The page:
- Section 179 deductions for depreciable personal property permitted in one year rather than amortizing over several; maximum amount increased to $1 million per year.
- Bonus depreciation now available on both new and used property.
- Vehicle depreciation cap is increased and indexed for inflation; new limits are $10,000 (year 1); $16,000 (year 2); $9,600 (year 3); $5760 per year thereafter until cost is recovered.
- Entertainment expenses – 50 percent deduction of business-related food and beverage expenses retained; no deduction for entertainment and membership dues.
- Corporate interest expense deductions limited to 30 percent of income.
Note: Most individual changes are effective January 1, 2018 and will expire at the end of 2025. Unless Congress passes another law prior to then, the old tax code provisions will be reinstated.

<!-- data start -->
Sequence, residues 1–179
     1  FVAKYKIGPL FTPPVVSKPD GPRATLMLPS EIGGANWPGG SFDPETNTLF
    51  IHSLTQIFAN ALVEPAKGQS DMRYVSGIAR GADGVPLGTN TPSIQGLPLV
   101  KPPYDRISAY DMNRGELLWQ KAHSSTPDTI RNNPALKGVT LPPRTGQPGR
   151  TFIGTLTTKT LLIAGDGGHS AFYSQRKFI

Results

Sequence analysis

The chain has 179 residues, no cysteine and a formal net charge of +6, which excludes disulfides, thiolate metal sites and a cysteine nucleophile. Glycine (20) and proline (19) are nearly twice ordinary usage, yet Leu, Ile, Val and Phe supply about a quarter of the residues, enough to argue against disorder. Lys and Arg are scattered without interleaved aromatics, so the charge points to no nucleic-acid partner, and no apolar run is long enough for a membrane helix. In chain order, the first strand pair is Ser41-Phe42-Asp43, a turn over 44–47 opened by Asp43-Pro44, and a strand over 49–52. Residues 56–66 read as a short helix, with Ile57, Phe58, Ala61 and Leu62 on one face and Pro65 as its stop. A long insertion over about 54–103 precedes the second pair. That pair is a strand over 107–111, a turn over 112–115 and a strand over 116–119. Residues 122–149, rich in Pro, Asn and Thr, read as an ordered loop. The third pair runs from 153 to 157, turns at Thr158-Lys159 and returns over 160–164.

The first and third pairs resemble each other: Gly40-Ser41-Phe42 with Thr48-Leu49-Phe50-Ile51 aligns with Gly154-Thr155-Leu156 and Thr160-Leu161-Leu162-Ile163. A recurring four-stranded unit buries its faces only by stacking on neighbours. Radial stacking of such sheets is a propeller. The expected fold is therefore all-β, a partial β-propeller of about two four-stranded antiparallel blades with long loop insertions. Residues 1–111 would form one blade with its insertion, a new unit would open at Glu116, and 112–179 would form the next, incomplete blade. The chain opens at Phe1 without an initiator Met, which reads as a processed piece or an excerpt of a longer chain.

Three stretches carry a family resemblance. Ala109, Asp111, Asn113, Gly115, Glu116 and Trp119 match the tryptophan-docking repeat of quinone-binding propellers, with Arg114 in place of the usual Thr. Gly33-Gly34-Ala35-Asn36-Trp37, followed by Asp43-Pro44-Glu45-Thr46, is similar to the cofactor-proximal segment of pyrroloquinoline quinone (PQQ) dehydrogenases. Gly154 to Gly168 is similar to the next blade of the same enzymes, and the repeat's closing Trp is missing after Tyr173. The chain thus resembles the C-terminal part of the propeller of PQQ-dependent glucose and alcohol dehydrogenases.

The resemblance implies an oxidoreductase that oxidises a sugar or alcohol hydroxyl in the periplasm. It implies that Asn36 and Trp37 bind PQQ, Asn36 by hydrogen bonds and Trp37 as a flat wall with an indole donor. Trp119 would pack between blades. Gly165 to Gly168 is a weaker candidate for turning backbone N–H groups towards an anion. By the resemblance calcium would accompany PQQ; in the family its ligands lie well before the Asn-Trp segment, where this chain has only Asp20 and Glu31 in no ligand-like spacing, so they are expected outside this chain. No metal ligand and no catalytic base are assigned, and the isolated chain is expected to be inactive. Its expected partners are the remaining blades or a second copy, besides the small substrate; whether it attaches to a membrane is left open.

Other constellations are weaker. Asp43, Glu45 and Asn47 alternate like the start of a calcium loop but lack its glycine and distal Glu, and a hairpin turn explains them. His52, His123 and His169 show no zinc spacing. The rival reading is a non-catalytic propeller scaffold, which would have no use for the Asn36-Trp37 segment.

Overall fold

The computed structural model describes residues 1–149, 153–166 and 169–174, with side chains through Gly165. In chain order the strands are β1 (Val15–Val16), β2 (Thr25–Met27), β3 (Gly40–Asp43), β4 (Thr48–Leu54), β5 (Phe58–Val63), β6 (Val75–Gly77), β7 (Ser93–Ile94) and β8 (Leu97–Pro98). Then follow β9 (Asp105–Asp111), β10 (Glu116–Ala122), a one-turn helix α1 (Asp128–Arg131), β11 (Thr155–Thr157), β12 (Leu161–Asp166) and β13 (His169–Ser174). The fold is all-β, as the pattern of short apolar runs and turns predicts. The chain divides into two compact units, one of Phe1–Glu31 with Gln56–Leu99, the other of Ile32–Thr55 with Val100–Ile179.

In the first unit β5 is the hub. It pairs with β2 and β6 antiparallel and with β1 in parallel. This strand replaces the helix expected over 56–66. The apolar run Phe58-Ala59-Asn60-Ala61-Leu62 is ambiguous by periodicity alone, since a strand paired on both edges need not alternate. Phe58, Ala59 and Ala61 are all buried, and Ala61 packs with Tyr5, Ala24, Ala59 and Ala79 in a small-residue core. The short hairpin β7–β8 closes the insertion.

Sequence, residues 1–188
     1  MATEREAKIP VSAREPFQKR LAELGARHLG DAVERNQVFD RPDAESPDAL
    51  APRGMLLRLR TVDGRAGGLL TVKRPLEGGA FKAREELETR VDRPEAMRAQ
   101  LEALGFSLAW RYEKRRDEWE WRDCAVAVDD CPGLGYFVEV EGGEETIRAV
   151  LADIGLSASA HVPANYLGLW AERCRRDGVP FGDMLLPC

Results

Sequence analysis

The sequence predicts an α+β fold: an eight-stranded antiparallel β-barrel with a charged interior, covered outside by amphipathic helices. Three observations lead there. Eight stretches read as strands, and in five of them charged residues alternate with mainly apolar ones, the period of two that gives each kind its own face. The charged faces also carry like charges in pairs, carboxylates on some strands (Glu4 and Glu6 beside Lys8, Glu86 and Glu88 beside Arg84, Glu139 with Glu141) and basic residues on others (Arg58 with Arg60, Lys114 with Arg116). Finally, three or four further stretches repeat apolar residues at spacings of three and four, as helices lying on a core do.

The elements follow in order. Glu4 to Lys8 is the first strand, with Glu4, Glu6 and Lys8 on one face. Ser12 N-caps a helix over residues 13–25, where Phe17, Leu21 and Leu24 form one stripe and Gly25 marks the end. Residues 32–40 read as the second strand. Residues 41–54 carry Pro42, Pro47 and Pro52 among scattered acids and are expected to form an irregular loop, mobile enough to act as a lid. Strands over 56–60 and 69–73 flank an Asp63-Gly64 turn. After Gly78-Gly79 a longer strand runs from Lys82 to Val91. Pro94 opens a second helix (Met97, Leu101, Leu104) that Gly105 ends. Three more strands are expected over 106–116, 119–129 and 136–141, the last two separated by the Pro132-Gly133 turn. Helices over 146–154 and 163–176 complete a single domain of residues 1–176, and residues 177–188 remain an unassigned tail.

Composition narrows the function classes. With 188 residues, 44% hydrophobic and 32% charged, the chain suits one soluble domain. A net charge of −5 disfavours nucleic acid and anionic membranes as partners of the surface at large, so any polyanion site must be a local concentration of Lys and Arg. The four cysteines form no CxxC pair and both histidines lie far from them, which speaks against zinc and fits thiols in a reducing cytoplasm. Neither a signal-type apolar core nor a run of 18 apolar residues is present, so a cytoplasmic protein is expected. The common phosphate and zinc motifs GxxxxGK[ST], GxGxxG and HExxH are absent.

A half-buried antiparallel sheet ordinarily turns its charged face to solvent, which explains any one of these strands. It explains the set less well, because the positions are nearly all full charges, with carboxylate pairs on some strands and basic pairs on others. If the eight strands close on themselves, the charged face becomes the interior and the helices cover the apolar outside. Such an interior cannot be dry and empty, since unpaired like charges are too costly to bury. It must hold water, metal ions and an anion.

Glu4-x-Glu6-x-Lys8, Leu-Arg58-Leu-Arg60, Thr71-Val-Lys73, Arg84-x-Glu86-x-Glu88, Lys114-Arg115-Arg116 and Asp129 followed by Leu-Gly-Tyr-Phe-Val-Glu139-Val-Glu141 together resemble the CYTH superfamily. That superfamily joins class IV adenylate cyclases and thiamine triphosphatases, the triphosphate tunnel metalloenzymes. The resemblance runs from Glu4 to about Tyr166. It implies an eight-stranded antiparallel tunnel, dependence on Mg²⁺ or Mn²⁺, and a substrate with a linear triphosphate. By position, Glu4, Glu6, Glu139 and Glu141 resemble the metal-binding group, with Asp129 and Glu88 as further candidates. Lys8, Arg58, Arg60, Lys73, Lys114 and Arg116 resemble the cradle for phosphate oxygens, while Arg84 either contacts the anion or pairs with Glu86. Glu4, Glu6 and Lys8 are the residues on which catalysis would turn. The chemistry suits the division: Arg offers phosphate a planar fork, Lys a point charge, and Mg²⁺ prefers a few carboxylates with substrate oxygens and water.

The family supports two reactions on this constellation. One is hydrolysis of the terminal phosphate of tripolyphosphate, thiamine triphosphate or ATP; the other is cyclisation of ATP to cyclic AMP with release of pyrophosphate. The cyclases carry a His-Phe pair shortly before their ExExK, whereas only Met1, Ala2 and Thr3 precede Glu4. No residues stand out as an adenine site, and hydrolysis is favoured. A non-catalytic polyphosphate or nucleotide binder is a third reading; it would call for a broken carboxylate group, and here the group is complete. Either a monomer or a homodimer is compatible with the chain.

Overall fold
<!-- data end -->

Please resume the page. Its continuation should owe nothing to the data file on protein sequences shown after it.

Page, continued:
Individual Income Taxes
The Act retains the seven income tax brackets of the previous tax code, but with reduced tax rates for individuals in all brackets but one. The net effect of these reductions were realized by most employees as employer payroll withholding was reduced … resulting in increased take-home pay beginning with their February 2018 paychecks.
Comparison of New Tax Rates vs. Old
Note: Capital gains rates remain unchanged under the new law.
- Standard deduction doubled from $6,350 for single filers to $12,000; married and joint filers increased from $12,700 to $24,000. This, coupled with the changes to itemized deductions, is likely to lead to more taxpayers taking a simplified approach to filing, i.e. electing the standard deduction.
- Mortgage interest deduction limited to the first $750,000 of the loan; permitted on first or second home; interest on loans up to $1 million initiated prior to December 15, 2017 grandfathered
- Home equity loan interest eliminated unless used to buy, build or substantially improve the taxpayer’s home that secures the loan.
- State and local income tax, sales tax and real property tax deductions limited to $10,000 in the aggregate
- Miscellaneous itemized deductions eliminated; includes employee business expenses and investment advisor fees
- Charitable contributions deductions are retained for those taxpayers able to itemize deductions